Let’s say an individual in Austria uses Google to search for vacation spots in the Caribbean and clicks an ad sponsored by a Jamaican hotel. The DST would treat revenues from that ad click as partially attributable to Austria and apply a 3 percent tax on those revenues even though the only transaction is between Google and the Jamaican hotel.

When this person returns from their Caribbean vacation, they may want to upload pictures to Facebook. Facebook would then have more data on this user that they could use to marginally improve their algorithms for placing future ads. The DST also envisions taxing the revenue attributable to that extra data at 3 percent.

The DST also differentiates between purchases of goods and services over the internet from using digital platforms that do not require payments from users.

Perhaps that same individual also chooses to purchase shoes from the Italian shoemaker Salvatore Ferragamo using Amazon. The sale of the shoes is already subject to the 20 percent value-added taxes (VAT) in Austria and would not be subject to the DST. Instead, the “service” being provided is the online marketplace itself, and the proposed DST would apply to the user’s participation in the marketplace. Because this user is situated in Austria, the revenue from the tax on that user’s interaction on Amazon would go to Austria.

In each of these scenarios, the individual interacted with the platforms (Google, Facebook, and Amazon) for free. And in each of the transactions, the hard work in delivering products and setting up the transaction was not accomplished by the user.

There were valuable transactions with set prices between Google and the Jamaican hotel, Facebook and its ad buyers, and Amazon and Salvatore Ferragamo (separate from the sale of the shoes). The user played a role as a beneficiary in the transactions.

The user’s data is valuable only to the extent that analysts at Google, Facebook, and Amazon are able to identify ways to target ads or improve their algorithms to create more opportunities for that and other users to get value out of interacting with the platforms.

It is important to note that internet access is subject to VAT in both Austria and Italy. Austria levies a 20 percent VAT on telecommunication services and E-Services while Italy applies a 22 percent VAT on those same categories.[6] Though the VAT on internet access would legally be paid by the service providers, the incidence of the tax falls on the consumer of those services—the shoe company and the Austrian tourist. The DST would apply to gross revenues, net of VAT payments.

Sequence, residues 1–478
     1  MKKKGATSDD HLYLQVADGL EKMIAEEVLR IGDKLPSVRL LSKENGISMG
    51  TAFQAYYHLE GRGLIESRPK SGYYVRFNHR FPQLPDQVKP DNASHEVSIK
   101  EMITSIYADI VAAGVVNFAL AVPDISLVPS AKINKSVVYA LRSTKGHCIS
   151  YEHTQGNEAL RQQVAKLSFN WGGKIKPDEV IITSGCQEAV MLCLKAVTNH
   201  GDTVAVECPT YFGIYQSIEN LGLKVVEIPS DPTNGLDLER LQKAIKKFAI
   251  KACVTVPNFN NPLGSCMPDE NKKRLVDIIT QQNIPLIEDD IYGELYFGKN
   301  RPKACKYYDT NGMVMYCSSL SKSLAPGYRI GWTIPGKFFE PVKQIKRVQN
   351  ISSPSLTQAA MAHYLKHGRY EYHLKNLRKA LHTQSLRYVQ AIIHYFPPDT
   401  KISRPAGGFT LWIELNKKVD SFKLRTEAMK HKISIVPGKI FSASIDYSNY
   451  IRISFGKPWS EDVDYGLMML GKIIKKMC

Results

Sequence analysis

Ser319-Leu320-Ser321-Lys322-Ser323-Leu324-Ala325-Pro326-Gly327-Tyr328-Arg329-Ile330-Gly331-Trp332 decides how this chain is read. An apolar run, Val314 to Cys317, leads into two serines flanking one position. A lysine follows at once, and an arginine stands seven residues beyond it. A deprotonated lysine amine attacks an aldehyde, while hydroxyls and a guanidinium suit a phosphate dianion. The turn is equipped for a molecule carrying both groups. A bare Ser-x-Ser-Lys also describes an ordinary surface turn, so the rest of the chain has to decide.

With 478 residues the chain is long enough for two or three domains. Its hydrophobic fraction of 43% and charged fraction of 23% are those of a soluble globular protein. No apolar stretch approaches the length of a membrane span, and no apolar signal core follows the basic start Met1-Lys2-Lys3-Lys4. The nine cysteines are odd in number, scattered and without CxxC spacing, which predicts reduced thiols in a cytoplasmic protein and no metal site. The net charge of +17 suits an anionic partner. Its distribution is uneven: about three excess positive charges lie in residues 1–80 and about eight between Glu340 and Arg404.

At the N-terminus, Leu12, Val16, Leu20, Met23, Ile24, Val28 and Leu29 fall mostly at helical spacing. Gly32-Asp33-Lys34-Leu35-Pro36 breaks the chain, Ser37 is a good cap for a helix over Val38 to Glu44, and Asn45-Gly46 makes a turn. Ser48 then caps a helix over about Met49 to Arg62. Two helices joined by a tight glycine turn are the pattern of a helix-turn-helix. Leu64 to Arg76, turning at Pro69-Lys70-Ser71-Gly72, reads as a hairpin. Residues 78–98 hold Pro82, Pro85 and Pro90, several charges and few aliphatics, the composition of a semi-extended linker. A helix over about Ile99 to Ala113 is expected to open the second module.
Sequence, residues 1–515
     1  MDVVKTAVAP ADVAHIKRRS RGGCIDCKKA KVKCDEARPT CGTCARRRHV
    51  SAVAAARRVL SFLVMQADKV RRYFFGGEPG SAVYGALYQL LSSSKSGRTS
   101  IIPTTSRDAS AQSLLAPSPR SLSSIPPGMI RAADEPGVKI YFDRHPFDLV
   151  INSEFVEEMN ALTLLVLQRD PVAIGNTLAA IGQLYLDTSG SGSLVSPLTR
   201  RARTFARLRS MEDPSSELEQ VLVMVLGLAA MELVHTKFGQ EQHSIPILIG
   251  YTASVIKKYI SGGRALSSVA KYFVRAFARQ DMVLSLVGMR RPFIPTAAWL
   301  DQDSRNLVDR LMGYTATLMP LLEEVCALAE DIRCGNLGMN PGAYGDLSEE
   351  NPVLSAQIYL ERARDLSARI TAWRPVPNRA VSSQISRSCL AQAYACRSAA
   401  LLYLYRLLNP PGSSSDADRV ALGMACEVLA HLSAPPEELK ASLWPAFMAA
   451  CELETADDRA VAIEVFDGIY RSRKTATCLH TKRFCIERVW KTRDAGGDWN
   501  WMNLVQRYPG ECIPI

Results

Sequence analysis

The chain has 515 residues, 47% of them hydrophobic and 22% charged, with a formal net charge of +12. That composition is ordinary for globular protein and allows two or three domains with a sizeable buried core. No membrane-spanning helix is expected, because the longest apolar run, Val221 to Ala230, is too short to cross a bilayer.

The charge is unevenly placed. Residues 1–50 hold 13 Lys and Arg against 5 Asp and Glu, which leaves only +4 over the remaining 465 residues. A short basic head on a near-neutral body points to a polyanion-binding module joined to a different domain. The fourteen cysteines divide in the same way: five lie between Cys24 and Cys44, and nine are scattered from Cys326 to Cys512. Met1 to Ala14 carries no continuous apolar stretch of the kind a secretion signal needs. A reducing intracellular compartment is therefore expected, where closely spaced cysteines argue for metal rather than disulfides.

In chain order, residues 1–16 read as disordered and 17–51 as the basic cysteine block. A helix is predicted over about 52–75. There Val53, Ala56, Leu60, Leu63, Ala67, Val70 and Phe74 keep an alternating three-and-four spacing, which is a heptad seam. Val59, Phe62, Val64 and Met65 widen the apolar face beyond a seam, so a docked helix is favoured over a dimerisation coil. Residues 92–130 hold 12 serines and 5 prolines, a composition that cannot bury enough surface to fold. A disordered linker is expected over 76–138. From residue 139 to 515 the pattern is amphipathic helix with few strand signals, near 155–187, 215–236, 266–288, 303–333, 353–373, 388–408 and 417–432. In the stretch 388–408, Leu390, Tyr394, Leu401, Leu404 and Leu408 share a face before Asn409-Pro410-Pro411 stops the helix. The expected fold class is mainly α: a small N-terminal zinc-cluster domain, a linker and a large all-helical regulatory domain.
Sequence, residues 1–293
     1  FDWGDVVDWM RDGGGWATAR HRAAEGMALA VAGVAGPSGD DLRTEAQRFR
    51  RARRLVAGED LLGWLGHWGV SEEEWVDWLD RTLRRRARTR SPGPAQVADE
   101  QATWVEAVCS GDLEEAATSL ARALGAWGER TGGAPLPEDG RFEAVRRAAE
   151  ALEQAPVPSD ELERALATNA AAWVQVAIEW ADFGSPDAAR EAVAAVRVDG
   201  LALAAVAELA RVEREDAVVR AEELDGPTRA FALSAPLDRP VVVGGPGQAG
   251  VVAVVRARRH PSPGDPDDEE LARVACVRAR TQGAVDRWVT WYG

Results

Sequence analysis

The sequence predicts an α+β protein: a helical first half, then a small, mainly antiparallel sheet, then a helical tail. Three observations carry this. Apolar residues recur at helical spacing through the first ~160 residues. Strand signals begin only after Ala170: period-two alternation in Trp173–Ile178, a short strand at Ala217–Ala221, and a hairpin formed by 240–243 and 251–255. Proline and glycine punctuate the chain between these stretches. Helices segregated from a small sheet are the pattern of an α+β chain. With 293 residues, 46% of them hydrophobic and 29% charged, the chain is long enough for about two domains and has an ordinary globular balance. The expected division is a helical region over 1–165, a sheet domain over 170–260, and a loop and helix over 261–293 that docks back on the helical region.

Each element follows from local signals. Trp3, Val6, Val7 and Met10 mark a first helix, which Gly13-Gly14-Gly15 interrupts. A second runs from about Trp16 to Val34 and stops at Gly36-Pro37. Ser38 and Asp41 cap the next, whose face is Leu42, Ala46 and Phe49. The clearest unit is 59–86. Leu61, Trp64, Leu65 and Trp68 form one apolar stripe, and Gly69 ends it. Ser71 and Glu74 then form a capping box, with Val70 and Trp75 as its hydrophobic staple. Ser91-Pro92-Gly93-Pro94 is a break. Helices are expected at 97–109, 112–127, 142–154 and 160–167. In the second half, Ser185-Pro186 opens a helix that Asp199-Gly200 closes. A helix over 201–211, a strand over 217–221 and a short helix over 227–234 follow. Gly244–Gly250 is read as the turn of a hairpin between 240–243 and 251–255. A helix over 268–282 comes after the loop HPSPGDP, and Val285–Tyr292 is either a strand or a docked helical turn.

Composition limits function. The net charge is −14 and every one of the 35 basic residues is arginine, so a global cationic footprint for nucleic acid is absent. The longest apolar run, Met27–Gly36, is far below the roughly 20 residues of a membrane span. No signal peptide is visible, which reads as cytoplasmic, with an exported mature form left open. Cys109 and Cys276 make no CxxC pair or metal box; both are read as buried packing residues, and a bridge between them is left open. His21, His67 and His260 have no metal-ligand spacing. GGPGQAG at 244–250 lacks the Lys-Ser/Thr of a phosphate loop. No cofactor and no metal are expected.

As shown in the example, attributing users with value connected to revenues would be technically difficult and likely rely on arbitrary assumptions about what user interactions are valuable. This difficult task is driven by some faulty analysis and assertions about the tax burden faced by digital companies.

The fact that users often interact with digital platforms for free poses a serious challenge to assessing value on those interactions for tax purposes. This makes the proposal to allocate taxable profits to countries based on the value that users contribute even more difficult and expensive to implement.[7] For some countries the cost of implementing the proposals would likely end up exceeding the revenue collected from the tax.[8]

Faulty Analysis

One of the EC’s consistent arguments in favor of a specific policy aimed at digital companies is the assertion that digital businesses face significantly lower effective tax rates than traditional businesses. The data that the EC uses to make this claim does not support the assertion.

In the documents released explaining the proposals, the EC claims that digital corporations face average effective tax rates that are less than half of what traditional business faces. However, one of the authors of the study that the commission cites has directly contradicted the use of the data.[9]

Part of the problem with the analysis is it is based on hypothetical business models rather than real industry data. Analysis by the European Centre for International Political Economy (ECIPE) explores real industry data and finds that digital businesses pay slightly higher average effective rates than traditional businesses.[10]

Table 1. Effective average tax rate in the EU for international businesses
Digital companies do not face lower average tax rates in the EU
  Claim by European Commission (percent) Finding by European Centre for International Political Economy (percent)
Source: Dr. Matthias Bauer, “Digital Companies and Their Fair Share of Taxes: Myths and Misconceptions,” ECIPE Occasional Paper, March 2018, http://ecipe.org/app/uploads/2018/02/ECI_18_OccasionalPaper_Taxing_3_2018_LY08.pdf
Note: The European Commission finding is based on an improper analysis of hypothetical companies with traditional or digital business models. The ECIPE data is based on real industry data covering the EuroStoxx50 and the MSCI Digital Services Companies and the Digital Group Companies. The ECIPE Data reflect tax rates averaged over five years.

Traditional Businesses

23.2 27.1

Digital Businesses

9.5 29.1

Inefficient and Anti-Growth